International Classroom"NING"

We're falling behind, in part, because we don't know what's going on in the rest of the world. We're hindered by having only two international borders and less experience with other ways of thinking. We don't have an existential clue about how our educational system differs from, and lags behind, other nations. Real, person to person, experiences challenge our beliefs/hypotheses, make us ask questions, and cause us to reformulate our knowledge about the world.

An international classroom social network would let primary and secondary teachers put their classes/students into a learning network with other teachers/students at the same grade, in the same subject, all over the world. What if a student studying history in high school in the US could contact a peer in Germany/Sweden/England/Ireland/India/Australia/Japan to video a tour of a nearby historical site? What if both students were able to turn this collaboration into a classroom assignment with the help of their teachers? What if the respective teachers could compare their understanding of historical events? What if foreign teachers could clarify their views of the US, directly?

This has the potential to provide a foreign exchange experience for every teacher and student, regardless of their ability to travel. It will prepare students for the differences in perspective that they will encounter at the college level. It can provide teachers (and parents) with firsthand knowledge of the status of their education, relative to the rest of the world, providing opportunities to assess and improve.

It's a global world; we need access to global education for our children.


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  1. Comment

    I love it. I wonder if anyone has information on examples of schools and teachers doing this sort of long distance collaboration and instruction? I know that INACOL and CA K-12 HSN are both working on things like this.. Any other examples of this kind of work would be very welcome.

  2. Comment
    Jan Zanetis

    Along these lines, I am pasting an email I got today from GEC, a wonderful Global Education initiative. Jan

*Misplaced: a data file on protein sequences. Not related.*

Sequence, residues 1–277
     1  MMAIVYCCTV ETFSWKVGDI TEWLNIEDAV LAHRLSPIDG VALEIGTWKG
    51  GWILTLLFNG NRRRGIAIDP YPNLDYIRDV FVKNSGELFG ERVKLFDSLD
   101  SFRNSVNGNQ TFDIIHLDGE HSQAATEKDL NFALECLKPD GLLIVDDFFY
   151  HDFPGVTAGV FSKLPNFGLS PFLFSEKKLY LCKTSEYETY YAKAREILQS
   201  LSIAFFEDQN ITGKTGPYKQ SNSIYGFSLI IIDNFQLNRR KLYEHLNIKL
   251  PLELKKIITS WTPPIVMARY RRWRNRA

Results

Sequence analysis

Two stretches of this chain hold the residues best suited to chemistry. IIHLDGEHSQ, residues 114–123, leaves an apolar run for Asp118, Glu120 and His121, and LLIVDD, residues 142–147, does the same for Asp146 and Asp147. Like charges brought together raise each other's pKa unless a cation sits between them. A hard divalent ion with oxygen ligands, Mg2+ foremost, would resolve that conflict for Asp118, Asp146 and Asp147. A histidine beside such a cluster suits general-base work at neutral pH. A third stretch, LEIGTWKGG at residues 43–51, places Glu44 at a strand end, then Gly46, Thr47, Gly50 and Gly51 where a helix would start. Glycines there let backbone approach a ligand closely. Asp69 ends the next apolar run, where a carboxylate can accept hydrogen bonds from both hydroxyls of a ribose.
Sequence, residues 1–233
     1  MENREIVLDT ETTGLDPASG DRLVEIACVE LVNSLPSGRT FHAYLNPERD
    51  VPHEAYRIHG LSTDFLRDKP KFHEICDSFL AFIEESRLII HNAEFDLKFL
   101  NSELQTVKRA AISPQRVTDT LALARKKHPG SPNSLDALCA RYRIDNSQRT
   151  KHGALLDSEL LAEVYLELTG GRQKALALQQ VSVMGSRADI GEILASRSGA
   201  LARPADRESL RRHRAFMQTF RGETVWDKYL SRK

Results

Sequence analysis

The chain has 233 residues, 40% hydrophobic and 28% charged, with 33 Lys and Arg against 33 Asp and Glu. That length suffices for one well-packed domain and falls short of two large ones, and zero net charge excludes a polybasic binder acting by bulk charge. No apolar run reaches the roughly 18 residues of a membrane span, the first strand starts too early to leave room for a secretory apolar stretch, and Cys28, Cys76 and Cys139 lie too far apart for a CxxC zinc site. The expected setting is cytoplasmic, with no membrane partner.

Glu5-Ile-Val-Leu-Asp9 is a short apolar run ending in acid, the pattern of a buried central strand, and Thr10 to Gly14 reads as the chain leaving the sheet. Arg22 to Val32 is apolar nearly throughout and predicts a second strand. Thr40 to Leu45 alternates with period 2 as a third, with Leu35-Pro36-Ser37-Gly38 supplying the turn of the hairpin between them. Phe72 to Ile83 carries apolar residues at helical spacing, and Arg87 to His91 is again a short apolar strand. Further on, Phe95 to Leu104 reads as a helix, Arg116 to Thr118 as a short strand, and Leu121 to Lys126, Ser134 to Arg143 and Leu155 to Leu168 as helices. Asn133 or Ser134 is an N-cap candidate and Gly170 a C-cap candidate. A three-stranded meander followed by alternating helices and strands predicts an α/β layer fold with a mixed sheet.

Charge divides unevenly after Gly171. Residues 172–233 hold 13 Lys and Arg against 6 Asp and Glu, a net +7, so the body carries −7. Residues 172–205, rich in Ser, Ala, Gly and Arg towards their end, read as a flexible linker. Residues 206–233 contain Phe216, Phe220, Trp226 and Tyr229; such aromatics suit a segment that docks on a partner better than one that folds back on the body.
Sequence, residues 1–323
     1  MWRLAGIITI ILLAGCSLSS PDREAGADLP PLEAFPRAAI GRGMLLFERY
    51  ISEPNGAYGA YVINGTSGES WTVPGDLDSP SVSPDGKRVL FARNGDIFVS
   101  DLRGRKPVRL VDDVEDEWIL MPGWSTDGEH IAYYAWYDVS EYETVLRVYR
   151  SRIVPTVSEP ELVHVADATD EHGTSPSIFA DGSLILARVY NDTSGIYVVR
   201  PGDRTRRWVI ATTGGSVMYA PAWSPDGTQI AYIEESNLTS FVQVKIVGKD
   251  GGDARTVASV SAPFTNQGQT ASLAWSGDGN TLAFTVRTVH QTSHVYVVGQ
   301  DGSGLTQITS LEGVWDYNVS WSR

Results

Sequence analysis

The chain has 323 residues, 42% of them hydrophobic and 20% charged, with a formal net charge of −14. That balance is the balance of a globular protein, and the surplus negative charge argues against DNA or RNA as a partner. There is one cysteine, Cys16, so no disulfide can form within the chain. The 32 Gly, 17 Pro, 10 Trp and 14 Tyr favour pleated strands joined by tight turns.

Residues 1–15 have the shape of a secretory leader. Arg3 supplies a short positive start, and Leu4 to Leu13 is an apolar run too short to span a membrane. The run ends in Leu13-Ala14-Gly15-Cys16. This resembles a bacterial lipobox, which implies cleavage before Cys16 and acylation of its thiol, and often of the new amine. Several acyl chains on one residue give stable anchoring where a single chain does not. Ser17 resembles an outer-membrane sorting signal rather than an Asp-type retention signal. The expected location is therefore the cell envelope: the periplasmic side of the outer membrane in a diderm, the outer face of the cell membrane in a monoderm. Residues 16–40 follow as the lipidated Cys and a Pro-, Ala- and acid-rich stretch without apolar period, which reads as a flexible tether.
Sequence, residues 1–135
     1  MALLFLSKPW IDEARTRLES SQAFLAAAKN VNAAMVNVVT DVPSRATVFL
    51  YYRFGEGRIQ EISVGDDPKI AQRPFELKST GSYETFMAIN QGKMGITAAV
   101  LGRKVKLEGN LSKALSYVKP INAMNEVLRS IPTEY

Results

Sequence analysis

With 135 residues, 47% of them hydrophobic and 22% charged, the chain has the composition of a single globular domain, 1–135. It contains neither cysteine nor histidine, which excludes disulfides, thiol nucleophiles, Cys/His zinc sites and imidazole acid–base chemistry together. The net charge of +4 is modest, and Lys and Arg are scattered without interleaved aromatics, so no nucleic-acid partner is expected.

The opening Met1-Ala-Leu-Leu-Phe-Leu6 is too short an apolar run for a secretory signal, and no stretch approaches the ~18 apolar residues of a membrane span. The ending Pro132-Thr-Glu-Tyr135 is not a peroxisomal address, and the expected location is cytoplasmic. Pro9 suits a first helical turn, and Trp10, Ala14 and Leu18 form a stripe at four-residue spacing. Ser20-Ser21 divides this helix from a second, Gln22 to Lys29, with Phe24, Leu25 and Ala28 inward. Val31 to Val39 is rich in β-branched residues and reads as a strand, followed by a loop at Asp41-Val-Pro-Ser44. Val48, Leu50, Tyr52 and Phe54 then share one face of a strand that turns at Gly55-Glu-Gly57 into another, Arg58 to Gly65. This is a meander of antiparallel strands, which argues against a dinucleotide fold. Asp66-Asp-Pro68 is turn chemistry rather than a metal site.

Greetings, GEC members!

    I'm pleased to report that we now have over 2100 members in the Global Education Collaborative. Even more opportunities exist to connect with other educators around the world!

    New members in the last month hail from South Africa, Qatar, Canada, Australia, the Phillipines, China, the Czech Republic, Brazil, Denmark, Mexico, Columbia, the U.K, Uganda, Ghana, Pakistan and El Salvador. As the US school year resumes, we also have a slew of new members from the U.S including Puerto Rico. I'm thrilled with our growth; please keep inviting your friends and colleagues to our community.

    Important Announcements:

    *Global Awareness Panel on the Future of Education webinar series is scheduled for September 10, 2009 at 7 PM CST. Several GEC members will be discussing their work and implications for 21st century skills. For more info, visit:

    *There are about 15 new projects listed on the GEC spreadsheet: . Please add your own projects or update your current listings.

    *Don't forget to follow the GEC on Twitter. I tweet new discussion forum posts as they happen. *If you are interested in research in general and open education resources, please join another project with which I am involved:

    *I'm looking to organize a group of first grade teachers (student ages 5-6) interested in exchanging info with other classes. Leave a message in the GEC if interested.

    *If you are looking to explore links related to global education, check out our Diigo group:

    Thanks for your continued support and I hope many of you join us for the September 10th webinar!

    Lucy Gray

    GEC Founder

    Visit The Global Education Collaborative at:

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